They take an entire pitcher of rice meal and make her drink it. A terrible weight is crushing my shoulders. She has to be feeling the tangena in her stomach now, spreading through her limbs. They make her drink another pitcher of meal. When the first wave of vomiting erupts, my mother lets out a long, painful groan, and I break out into sobs, and Hanta stuffs her fingers into her ears and buries her head in my clothes. Her vomiting continues, unending, the revolting sound of splatters in the wicker basket is her entire life hurtling out of her, expelled out of her mouth to meet its death in a foul hole.
One of the servants comes to the entrance of the hut. He takes a banana out from the folds of his rolled loincloth, peels it, and starts to eat.
“How is she?” Bebe asks.
“Nothing’s come out yet.”
The sun has lifted over the horizon, bathing the edges of the trees in smoldering light. The great Sahasoa fields have emerged from the night, but the countryside is empty. The farmers would rather stay away from the chief’s home today. The families of the accused, like us, are the only ones to witness this sad, majestic dawn.
A seer works busily near a neighboring hut, fulfilling many propitious actions.
Another servant comes to the entrance.
“How is she?” Bebe asks again.
“One of the skins has come out. The rest have not.”
I can barely hear Bao’s groans anymore. I gnaw at my hand until it bleeds. “Why, oh why? Woe is us! Oh, woe is us!”
“We ask that the outcome be favorable. We ask that the verdict be just.”
I finally calm down. I take Hanta’s small hands in mine. Yes, we ask that the verdict be just. We are not being judged by men, but by our ancestors, by the Creator. Blessed are they for the life they have given us.
Bebe isn’t praying anymore, but her toothless mouth still moves. She looks down and contemplates her hands, her old, dry hands with yellowed nails.
* * *
Blessed are our ancestors for the life they have given us.
Bao surrendered to the tangena. She will never dance again.
One scene will be etched into my mind forever. They had dragged her outside and thrown her into the yard. We ran over. Her long hair was scattered in the dust, her finely sculpted dancer’s arms lay unmoving on either side of her torso. Even today, still, this memory calls up a silent sob in me that travels toward my throat and my eyes. Bao’s face was a mask of pain.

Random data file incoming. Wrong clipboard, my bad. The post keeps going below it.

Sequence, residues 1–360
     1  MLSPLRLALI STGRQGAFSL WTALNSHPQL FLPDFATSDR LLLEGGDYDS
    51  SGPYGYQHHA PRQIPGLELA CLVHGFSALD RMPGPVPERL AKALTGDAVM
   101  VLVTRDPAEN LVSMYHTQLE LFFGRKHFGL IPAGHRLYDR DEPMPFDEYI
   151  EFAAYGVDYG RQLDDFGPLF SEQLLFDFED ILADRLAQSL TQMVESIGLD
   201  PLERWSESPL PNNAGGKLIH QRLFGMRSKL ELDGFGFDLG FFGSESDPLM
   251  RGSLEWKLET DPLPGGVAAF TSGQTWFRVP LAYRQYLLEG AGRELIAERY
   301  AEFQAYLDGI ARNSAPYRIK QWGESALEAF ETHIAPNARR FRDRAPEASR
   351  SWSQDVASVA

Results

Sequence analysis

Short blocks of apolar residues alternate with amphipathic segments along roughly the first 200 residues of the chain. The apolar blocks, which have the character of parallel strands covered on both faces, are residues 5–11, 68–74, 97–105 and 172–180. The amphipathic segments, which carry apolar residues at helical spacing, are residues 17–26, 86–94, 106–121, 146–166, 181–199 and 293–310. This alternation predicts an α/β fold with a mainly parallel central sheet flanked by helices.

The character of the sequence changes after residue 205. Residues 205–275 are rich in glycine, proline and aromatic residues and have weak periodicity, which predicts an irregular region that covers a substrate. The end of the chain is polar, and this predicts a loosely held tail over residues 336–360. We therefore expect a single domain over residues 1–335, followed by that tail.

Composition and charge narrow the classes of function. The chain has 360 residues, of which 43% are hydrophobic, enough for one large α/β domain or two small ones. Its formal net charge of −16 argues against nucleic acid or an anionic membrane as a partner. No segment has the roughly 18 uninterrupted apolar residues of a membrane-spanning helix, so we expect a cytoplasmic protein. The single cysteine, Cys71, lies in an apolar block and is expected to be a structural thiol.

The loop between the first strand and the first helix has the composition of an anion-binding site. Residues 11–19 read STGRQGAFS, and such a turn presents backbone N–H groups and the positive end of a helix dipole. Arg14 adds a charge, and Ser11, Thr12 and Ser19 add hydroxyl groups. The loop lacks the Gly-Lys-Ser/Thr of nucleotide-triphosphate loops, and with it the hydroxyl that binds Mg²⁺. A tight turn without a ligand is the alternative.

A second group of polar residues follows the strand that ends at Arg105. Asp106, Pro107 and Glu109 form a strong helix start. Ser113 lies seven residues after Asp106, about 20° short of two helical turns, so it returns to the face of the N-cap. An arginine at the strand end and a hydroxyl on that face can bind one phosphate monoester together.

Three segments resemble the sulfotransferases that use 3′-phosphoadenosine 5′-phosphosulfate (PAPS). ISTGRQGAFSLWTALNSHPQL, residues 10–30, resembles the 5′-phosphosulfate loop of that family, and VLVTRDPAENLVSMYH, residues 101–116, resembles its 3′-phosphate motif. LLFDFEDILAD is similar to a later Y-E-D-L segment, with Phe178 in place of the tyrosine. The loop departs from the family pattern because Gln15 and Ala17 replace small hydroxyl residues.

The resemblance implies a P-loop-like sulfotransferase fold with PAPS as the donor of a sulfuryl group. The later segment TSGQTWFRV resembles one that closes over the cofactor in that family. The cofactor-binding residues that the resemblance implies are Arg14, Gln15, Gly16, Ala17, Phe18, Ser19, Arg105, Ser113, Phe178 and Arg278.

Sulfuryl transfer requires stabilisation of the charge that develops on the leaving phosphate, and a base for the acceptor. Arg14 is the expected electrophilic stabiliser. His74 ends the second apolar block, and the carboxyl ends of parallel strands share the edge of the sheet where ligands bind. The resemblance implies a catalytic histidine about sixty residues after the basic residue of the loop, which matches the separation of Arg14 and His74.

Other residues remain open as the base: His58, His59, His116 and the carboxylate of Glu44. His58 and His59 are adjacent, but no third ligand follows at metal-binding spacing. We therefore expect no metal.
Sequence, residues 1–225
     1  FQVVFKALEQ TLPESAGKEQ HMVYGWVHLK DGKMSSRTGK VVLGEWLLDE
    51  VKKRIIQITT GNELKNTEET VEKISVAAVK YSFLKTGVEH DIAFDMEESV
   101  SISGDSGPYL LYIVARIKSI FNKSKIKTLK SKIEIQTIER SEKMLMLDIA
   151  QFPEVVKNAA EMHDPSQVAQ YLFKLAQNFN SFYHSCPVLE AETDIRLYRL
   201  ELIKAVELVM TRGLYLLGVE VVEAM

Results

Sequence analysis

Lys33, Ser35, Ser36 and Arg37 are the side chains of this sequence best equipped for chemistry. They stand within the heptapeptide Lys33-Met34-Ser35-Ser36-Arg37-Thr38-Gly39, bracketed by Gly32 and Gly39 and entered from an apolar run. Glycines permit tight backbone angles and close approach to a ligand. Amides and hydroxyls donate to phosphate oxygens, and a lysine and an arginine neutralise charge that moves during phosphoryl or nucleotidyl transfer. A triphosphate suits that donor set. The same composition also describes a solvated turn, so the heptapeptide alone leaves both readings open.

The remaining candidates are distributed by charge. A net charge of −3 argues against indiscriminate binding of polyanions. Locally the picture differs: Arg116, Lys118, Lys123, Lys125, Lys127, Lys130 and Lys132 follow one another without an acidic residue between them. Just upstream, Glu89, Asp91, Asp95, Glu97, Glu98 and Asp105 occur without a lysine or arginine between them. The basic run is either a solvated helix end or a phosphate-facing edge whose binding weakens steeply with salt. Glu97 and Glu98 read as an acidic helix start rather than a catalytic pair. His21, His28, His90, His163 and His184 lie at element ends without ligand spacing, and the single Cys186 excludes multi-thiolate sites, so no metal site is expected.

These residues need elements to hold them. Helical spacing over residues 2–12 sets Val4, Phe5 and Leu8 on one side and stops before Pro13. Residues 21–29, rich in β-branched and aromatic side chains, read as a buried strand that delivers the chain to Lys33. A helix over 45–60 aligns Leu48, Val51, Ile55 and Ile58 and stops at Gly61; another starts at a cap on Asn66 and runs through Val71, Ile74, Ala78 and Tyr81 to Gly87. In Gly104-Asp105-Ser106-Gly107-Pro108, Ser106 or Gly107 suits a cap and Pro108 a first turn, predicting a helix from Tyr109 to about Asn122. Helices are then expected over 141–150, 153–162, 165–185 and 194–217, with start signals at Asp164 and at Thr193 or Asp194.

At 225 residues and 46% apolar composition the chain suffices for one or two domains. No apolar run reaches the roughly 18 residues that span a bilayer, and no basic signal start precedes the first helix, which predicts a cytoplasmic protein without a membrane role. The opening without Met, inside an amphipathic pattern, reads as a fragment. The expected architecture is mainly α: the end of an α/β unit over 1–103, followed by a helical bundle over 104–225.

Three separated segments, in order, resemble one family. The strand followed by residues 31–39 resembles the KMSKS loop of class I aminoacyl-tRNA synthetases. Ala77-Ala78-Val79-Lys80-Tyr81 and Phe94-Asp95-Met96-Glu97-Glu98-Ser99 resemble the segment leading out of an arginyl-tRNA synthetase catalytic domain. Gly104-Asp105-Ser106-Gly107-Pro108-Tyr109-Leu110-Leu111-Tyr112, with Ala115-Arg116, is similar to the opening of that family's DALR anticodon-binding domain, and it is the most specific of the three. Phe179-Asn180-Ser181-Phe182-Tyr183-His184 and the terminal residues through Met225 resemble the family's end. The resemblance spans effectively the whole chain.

When Rado and Tovo were close enough to see the place of judgment, the sun was already low in the sky. Groups of villagers were sitting silently on the hills. They knew that the trial was over even before seeing the long ropes that the strong men were pulling. But they still had hope—at first glance, they hadn’t seen us among the mourning families following the rope-pullers. Rado came closer to be sure. For a second time, he looked around the group of people following the bodies being dragged by their feet. Not seeing us among them, he was about to run to our home, when he recognized the last body, the one still waiting to be pulled.
It was my mother’s.
* * *
Bebe had roughly pulled us behind one of the houses after the trial. My grandmother held me against the wall, gagging me with one startlingly forceful hand. My body shook with spasms, and a flood of tears streamed from my eyes. I wanted to die. Hanta watched, frozen, terrified.
Rado found us and took control of the situation. Bebe couldn’t have managed without him.
“You’re not allowed to cry during the procession,” he said to me, gently.
“But . . . how? You?” I stammered.
“First, stop crying,” he said, more sternly. “You’re putting everyone in danger.”
“Iada! We have lost her! She’s—”
“Quiet. This is not the right time. If they see a single tear on your cheeks, they’ll fall upon you, too.”
“But I am so sad.”
“Do you want your daughter to be an orphan?”
“Then get a hold of yourself.”
We followed the inglorious procession without a word, our eyes to the ground. The bodies can’t be carried. They have to be dragged along the ground so they never come above our knees. The judge and the earth husbands examined the faces of the followers carefully. Any excessive emotion can be interpreted as a sign of collusion, and anyone who draws attention to themselves might be seized and judged, as well. It is forbidden to bury the bodies of witches in ancestral tombs. They must be pulled at the end of a rope and thrown together into a pit.
Naivoharisoa Patrick Ramamonjisoa, who goes by the pen name Naivo, has worked as a journalist in his home country of Madagascar and as a professor in Paris, and now works for the press in Canada. Beyond the Rice Fields is his first novel, published in March 2012 by Éditions Sépia. He is also the author of numerous (as yet untranslated) short stories, including “Dahalo,” which received the RFI/ACCT prize in 1996, and “Iarivomandroso,” which was adapted for a theatrical production in Antananarivo, Madagascar. Naivo is working on his second novel, as well as a short story collection.
Allison M. Charette translates from the French and founded the Emerging Literary Translators’ Network in America (ELTNA.org). She is on the board of the American Literary Translators Association and has published two book-length translations, in addition to short fiction in InTranslation, SAND Journal, and others. Currently, Allison is collaborating with French-speaking authors from Madagascar to introduce the Anglophone world to Malagasy literature in translation. Find her online at charettetranslations.com.
Beyond the Rice Fields will be published by Restless Books in Fall 2017.
This piece is part of the 2015 PEN/Heim Translation Series, which features excerpts and essays from recipients of this year’s PEN/Heim Translation Fund Grants.
Since 2009, the Fund’s annual contribution for grant awards has been augmented by support from Amazon.